Topic

Stalled Airflow

Topic Progress:

Check out the video above to have a look at what actually happens to the airflow over the wing of an airplane when it stalls.

 

Some important stuff:

Two important things to notice from the diagrams above:

You do generate more lift at higher angles of attack (however with more lift you generate substantially more drag, which will generally slow down the airplane, which in turn develops less lift over the wing at the slower airspeed, which will make you want to pitch up and increase angle of attack more, but it just causes more drag, and you quickly find yourself having stalled the wing).

The CENTER OF PRESSURE moves forward with increasing angles of attack.  The low-pressure air begins to move further toward the leading edge of the wing (generally activating the stall warning device mounted on the leading edge of the wing if your aircraft happens to have one).

Where it all begins:

The stall begins at the wing root and works its way out to the wing tips.  Most GA airplanes are designed this way to HOPEFULLY give you some aileron control to keep your wings level when you are approaching a stall.  While this is a nice design feature, don’t rely on it too much, as you can see how quickly the wing goes from flying to stalled, and ailerons can certainly be enough to push you past the edge of say 15 degrees AOA to 16 degrees AOA and be a cause of the stall when you are already flying at too high an AOA. Remember, this is because, by using aileron and making one wing rise while lowering the other, you are also increasing the AOA on the rising wing, and slowing it slightly if you are not using rudder to properly compensate for ADVERSE YAW.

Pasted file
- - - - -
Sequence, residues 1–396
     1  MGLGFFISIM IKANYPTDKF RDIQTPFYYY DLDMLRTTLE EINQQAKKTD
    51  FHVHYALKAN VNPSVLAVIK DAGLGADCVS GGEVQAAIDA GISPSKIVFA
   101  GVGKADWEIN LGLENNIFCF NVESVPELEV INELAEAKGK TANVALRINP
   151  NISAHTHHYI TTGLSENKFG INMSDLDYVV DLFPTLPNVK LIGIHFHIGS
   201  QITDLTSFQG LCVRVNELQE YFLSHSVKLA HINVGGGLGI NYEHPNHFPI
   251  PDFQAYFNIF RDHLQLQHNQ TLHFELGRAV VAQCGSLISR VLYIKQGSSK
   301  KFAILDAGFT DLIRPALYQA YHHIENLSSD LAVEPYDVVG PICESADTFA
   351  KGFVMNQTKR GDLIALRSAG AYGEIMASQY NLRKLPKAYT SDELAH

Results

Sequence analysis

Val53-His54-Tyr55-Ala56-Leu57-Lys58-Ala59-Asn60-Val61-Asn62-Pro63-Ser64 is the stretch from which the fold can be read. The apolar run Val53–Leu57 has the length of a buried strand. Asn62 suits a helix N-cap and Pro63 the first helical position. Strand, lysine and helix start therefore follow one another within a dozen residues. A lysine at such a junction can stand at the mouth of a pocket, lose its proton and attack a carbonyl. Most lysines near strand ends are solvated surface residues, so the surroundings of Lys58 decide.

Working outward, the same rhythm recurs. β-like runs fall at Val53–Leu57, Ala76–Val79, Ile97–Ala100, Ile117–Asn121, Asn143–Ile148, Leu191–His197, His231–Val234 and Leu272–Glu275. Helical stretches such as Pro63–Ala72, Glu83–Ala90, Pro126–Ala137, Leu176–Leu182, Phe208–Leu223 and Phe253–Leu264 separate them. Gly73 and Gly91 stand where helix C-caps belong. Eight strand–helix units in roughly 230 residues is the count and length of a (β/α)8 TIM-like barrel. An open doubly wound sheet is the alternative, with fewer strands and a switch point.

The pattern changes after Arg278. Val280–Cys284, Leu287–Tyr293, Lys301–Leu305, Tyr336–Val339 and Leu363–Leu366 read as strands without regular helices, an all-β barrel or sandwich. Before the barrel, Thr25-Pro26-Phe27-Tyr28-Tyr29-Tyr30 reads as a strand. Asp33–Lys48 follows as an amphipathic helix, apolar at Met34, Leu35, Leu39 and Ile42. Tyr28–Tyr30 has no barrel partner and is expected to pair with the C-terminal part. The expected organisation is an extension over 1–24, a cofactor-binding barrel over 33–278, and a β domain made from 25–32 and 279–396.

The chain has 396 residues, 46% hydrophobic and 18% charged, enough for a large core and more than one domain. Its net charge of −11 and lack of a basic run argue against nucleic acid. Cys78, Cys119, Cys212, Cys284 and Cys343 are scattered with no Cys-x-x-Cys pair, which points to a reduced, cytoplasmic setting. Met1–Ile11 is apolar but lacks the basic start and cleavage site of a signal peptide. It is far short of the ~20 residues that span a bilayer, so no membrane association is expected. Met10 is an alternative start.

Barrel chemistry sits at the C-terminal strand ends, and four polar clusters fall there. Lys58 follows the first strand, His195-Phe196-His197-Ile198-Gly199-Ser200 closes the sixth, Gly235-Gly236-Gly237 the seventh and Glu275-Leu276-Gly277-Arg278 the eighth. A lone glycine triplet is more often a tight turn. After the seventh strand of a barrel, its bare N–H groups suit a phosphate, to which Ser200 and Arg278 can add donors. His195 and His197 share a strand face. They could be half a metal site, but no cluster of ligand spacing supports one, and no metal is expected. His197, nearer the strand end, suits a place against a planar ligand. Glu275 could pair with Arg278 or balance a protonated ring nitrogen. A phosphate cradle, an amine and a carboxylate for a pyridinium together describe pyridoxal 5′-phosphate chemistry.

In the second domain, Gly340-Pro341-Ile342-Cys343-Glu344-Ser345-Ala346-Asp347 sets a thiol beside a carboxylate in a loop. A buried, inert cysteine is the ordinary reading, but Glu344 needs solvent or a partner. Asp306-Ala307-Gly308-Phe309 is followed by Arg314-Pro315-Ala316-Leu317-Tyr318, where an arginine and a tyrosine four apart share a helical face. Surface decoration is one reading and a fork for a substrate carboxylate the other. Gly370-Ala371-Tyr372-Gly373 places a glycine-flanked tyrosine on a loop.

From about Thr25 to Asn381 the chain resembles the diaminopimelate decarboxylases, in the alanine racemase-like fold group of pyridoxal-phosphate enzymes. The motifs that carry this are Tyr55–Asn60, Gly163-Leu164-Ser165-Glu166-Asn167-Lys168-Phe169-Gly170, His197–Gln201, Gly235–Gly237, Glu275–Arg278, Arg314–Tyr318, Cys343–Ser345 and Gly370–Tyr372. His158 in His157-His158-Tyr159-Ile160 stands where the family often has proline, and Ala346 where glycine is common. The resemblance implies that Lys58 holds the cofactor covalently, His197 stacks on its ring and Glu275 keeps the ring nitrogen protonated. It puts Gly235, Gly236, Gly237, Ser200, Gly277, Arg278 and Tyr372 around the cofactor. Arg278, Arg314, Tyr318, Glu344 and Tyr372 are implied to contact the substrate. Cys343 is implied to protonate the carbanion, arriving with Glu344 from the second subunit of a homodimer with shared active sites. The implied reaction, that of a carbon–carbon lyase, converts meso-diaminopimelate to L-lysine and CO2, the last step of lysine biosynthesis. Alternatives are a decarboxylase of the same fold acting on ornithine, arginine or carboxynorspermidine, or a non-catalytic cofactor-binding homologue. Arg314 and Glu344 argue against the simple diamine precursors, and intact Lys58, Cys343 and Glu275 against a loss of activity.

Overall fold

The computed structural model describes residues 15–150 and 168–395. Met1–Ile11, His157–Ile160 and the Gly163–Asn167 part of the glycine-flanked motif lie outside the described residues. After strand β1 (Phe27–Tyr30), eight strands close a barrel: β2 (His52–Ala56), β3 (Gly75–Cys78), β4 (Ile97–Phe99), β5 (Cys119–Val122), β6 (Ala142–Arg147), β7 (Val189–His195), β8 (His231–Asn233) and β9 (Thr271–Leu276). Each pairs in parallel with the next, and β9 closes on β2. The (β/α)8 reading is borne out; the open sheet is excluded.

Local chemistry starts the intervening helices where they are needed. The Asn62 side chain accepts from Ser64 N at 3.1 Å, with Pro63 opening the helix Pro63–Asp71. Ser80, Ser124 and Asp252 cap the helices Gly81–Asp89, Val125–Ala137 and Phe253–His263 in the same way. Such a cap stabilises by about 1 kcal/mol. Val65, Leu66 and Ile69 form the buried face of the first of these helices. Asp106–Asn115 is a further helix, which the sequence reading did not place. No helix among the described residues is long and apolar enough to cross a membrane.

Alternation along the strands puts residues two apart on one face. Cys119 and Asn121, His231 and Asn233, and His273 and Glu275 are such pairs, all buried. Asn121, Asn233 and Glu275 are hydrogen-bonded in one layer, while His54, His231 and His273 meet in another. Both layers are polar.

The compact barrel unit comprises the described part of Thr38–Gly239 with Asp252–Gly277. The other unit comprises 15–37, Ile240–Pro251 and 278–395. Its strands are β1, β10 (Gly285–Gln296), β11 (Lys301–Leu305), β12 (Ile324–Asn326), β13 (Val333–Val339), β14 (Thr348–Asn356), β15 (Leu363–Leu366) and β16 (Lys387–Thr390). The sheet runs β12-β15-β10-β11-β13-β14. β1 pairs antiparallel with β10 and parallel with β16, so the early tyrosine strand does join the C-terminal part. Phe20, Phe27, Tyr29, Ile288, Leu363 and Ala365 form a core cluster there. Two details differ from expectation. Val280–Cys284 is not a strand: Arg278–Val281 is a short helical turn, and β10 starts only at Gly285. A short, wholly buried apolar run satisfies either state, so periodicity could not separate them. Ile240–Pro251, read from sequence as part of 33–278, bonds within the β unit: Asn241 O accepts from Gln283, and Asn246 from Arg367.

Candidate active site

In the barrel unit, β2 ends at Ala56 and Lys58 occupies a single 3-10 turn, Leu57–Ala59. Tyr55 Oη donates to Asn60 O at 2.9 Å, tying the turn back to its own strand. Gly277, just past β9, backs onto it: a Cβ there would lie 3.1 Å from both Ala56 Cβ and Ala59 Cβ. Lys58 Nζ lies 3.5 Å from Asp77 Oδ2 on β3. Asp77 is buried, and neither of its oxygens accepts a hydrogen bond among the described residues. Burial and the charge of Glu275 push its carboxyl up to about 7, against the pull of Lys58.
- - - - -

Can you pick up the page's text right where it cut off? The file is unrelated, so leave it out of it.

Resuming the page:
There is only one right answer:

You can argue that increasing power, speeding up, and pitching nose down can all help you recover from a stall.  However, the ONLY one right answer that is totally correct when asked “How do you recover from a stall?” is REDUCE THE ANGLE OF ATTACK.  There are many WAYS you can reduce the AOA, but the most surefire way on most GA airplanes is going to involve stop pulling back on the controls and possibly pushing forward on them.  The other minor details your CFI can fill in for you.

Ask a Question / Leave a Comment to the Community

Ask a Question and get a fast response from our CFIs

 

Comments

  1. Doc

    Excellent visual illustration of air turbulence and resulting loss of lift.

  2. David Mitchell

    Better than any abstract discussion or wind tunnel demo. Awesome to see it on the wing in flight.

Comments are closed.